Paulina Tindana

Senior Lecturer and Bioethicist at the University of Ghana School of Public Health

Paulina Tindana

Senior Lecturer and Bioethicist at the University of Ghana School of Public Health
paulina.tindana@navrongo-hrc.org

Biography

Dr Paulina Tindana
Senior Lecturer and Bioethicist at the University of Ghana School of Public Health
University of Ghana,
Legon, Ghana

Dr Paulina Tindana is a Senior Lecturer and Bioethicist at the University of Ghana School of Public Health. Until recently, she was a Deputy Chief Health Research Officer at the Navrongo Health Research Centre, Ghana Health Service in northern Ghana. She received a Bachelor of Arts degree from the University of Ghana in 1999, Master of Health Sciences (Bioethics) degree from the University of Toronto, Canada in 2004 and a DPhil at the Department of Public Health, University of Oxford, UK in 2013.

Her main teaching and research focus is on the ethical, social and cultural implications of international collaborative research, particularly the practical ethical issues arising in genetic/genomic research, informed consent, ethics review, community engagement strategies in global health research and health systems research ethics. She has extensive experiences in conducting qualitative studies and has published widely in peer reviewed journals. She is a member of the Plasmodium Diversity Network (PDNA) and DELGEME.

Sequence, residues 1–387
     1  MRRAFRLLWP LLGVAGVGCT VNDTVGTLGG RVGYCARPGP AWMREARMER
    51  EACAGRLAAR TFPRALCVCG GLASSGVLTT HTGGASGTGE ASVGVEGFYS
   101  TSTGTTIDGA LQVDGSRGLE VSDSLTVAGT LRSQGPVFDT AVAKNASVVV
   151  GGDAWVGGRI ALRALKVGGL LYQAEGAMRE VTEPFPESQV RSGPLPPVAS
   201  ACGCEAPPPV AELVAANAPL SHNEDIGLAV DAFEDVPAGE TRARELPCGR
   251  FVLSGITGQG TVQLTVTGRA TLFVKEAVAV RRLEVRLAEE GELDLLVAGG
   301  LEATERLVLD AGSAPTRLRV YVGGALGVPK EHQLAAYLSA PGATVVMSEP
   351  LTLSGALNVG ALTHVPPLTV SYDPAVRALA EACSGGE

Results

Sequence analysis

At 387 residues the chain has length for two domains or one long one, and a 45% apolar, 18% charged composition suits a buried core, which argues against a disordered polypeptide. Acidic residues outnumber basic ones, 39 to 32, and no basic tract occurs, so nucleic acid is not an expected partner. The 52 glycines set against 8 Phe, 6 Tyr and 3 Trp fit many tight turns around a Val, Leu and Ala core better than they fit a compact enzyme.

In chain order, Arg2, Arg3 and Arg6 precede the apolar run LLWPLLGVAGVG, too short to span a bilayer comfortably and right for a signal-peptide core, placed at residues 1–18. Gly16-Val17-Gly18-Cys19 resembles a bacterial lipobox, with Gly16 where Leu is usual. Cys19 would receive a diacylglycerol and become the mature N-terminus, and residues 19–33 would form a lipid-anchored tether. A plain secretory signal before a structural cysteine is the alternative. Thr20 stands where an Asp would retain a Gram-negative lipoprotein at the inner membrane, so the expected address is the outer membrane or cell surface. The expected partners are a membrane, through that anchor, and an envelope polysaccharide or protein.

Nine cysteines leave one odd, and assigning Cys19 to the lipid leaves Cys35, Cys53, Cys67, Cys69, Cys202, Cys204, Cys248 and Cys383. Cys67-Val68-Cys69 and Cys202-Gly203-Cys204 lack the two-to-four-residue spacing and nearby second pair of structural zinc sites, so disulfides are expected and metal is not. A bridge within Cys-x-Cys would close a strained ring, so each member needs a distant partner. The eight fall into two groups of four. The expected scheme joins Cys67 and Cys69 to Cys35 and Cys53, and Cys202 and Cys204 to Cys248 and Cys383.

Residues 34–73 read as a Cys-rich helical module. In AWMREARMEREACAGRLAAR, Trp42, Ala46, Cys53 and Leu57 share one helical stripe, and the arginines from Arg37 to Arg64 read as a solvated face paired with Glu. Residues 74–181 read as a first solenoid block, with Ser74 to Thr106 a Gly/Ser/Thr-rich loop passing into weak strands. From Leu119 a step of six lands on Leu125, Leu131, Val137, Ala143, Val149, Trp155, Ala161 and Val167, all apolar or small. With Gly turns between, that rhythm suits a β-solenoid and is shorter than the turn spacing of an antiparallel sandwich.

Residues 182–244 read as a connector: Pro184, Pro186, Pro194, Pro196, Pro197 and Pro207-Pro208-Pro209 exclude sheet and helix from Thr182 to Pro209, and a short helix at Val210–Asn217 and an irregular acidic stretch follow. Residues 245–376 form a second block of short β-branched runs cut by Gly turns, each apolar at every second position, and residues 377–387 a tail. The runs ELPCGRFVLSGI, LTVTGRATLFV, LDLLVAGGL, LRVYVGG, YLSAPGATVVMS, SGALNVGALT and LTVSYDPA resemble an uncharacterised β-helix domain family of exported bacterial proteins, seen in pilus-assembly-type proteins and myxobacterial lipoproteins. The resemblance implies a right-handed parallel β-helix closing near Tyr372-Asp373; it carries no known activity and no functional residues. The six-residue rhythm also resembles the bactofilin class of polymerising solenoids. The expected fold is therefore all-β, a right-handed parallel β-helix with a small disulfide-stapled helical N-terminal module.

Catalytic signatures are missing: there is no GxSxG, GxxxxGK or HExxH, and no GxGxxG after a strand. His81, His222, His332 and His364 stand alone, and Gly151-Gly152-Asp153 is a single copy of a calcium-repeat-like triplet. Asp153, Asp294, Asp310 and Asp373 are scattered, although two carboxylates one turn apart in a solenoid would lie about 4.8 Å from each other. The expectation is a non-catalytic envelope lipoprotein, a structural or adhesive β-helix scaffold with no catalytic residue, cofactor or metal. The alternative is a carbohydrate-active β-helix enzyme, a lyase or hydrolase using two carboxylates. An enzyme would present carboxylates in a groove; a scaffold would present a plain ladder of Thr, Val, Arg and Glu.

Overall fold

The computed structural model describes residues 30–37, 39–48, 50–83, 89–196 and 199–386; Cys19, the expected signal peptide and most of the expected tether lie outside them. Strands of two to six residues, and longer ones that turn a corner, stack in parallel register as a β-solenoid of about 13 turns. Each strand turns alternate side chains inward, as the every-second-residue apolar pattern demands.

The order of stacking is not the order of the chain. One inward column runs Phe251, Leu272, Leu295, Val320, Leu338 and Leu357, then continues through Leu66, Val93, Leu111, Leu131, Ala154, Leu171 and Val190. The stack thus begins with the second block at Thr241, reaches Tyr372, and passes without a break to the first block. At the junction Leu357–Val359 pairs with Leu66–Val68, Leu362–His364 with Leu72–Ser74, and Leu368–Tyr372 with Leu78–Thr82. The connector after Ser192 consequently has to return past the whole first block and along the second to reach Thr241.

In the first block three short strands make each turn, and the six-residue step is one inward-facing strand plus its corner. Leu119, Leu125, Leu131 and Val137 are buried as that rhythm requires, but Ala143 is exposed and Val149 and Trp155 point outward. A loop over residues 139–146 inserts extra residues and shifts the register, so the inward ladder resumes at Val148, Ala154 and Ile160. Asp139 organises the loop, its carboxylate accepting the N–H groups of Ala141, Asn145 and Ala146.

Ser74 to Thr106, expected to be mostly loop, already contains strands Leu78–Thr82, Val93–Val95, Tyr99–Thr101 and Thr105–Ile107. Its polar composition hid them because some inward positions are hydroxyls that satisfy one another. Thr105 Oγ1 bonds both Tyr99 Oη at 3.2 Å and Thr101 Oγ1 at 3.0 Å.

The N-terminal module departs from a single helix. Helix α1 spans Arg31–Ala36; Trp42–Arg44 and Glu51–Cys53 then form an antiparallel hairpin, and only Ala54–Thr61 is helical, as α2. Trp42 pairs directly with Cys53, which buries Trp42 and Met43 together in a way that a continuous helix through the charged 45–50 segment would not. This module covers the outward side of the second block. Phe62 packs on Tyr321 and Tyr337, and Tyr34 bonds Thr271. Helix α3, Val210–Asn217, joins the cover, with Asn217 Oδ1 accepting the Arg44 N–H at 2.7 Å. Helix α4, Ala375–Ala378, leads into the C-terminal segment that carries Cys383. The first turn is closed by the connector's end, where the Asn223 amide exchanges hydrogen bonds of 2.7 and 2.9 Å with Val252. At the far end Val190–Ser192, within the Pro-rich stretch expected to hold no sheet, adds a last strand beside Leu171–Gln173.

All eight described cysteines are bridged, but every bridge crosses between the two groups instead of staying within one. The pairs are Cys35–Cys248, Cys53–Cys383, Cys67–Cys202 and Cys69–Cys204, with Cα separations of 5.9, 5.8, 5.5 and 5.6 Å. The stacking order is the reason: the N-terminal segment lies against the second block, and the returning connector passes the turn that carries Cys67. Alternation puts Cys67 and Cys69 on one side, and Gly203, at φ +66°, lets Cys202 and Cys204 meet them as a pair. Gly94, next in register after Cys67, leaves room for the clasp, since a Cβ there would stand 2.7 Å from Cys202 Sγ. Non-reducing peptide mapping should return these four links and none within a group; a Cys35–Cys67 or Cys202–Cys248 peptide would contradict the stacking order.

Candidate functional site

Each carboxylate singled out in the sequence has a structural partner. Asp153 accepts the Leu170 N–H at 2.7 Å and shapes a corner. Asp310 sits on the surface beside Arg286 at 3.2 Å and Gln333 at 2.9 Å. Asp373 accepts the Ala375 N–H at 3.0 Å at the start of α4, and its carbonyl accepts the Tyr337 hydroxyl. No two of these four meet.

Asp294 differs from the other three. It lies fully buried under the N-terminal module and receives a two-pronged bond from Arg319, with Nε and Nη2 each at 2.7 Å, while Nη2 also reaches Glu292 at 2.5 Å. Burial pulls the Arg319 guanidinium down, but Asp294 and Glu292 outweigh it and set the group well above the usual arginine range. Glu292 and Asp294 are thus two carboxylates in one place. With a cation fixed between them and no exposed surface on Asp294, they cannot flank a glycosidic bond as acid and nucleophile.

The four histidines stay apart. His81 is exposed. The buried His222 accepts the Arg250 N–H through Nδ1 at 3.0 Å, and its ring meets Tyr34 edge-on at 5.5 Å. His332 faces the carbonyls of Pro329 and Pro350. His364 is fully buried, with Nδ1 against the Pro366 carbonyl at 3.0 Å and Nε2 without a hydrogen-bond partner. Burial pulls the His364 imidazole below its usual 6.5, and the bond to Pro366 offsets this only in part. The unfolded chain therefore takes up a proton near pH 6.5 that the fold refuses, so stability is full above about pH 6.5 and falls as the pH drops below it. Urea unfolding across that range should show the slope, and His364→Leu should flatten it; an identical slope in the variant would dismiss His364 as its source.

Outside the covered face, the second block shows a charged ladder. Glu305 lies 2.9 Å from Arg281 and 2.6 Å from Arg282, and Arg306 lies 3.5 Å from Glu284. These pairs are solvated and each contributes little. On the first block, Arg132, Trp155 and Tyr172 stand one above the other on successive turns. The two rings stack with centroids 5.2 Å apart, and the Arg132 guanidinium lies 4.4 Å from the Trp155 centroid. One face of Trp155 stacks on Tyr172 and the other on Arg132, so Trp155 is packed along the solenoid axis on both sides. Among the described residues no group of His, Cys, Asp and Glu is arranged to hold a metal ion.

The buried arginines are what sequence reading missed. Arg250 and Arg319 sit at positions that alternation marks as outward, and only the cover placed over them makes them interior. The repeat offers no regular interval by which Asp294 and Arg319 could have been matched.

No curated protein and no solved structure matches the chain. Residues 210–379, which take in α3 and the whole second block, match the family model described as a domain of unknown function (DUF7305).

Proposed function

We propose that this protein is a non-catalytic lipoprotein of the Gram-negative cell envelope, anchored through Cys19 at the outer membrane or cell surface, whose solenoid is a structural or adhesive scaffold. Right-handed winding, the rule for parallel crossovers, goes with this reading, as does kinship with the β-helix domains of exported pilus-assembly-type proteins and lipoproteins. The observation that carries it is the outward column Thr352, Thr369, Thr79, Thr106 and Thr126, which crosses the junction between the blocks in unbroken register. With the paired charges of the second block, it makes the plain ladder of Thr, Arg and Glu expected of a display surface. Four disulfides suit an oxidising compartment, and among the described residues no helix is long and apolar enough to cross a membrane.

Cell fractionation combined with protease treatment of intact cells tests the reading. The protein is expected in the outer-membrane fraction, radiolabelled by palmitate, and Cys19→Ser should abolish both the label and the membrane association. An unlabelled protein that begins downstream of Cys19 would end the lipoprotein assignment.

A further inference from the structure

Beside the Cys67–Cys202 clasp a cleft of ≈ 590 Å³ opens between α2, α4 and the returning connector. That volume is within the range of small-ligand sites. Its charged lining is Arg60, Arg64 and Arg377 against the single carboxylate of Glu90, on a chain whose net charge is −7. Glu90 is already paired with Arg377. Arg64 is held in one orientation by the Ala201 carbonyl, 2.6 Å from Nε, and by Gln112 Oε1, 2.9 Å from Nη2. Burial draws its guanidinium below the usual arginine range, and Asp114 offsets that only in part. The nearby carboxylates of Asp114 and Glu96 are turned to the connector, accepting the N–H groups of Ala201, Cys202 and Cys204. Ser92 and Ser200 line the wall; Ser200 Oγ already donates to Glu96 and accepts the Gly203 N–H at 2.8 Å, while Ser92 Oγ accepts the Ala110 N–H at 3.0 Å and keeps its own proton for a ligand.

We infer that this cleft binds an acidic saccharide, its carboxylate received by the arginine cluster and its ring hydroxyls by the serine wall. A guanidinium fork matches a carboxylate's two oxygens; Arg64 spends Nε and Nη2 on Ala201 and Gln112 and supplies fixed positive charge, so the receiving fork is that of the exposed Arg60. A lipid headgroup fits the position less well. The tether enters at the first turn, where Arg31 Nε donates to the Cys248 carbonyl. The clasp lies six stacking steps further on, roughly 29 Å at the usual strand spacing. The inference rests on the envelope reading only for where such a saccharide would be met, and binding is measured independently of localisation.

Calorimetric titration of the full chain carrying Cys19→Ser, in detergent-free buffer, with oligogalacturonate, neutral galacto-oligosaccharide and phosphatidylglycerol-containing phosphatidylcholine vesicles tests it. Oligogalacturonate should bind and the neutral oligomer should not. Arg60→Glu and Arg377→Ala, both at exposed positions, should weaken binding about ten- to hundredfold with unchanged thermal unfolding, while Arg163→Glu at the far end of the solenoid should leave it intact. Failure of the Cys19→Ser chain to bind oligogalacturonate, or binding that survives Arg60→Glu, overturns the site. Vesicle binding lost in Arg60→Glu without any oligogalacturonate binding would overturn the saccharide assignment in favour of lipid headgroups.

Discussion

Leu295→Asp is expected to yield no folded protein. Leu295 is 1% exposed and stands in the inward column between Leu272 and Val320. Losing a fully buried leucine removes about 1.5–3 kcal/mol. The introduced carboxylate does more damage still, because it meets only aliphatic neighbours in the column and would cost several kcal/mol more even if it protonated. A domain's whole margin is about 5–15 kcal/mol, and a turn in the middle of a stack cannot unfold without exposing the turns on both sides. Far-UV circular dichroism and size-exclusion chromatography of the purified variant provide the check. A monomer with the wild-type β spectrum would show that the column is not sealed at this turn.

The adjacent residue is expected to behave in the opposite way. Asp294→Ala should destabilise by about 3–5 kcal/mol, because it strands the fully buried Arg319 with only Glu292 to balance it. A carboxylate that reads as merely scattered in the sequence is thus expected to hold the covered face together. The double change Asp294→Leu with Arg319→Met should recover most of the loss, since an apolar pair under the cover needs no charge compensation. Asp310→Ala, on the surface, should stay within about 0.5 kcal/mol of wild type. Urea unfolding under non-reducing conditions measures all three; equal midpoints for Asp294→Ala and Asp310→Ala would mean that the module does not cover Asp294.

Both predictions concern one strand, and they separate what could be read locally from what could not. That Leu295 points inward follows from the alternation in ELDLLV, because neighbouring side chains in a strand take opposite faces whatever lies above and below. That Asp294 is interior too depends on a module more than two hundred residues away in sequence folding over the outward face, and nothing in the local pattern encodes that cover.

Title of the talk: Taking Community Engagement Seriously in Genomics research in Africa

Genomics research raises important ethical issues including those related to how relevant communities can meaningfully be engaged in the research process. While there is growing recognition of both the intrinsic and instrumental values of community engagement in the successful implementation of genomics studies in Africa, questions remain about how to build the evidence base to support community engagement. Drawing on experiences from the H3Africa Consortium including recent community feedback sessions in Northern Ghana, this presentation will make a case for why and how community engagement ought to be taken seriously when conducting genomics studies in Africa. Emphasis will be placed on community engagement as a process that needs to be carried out throughout the course of a project including sharing of research results.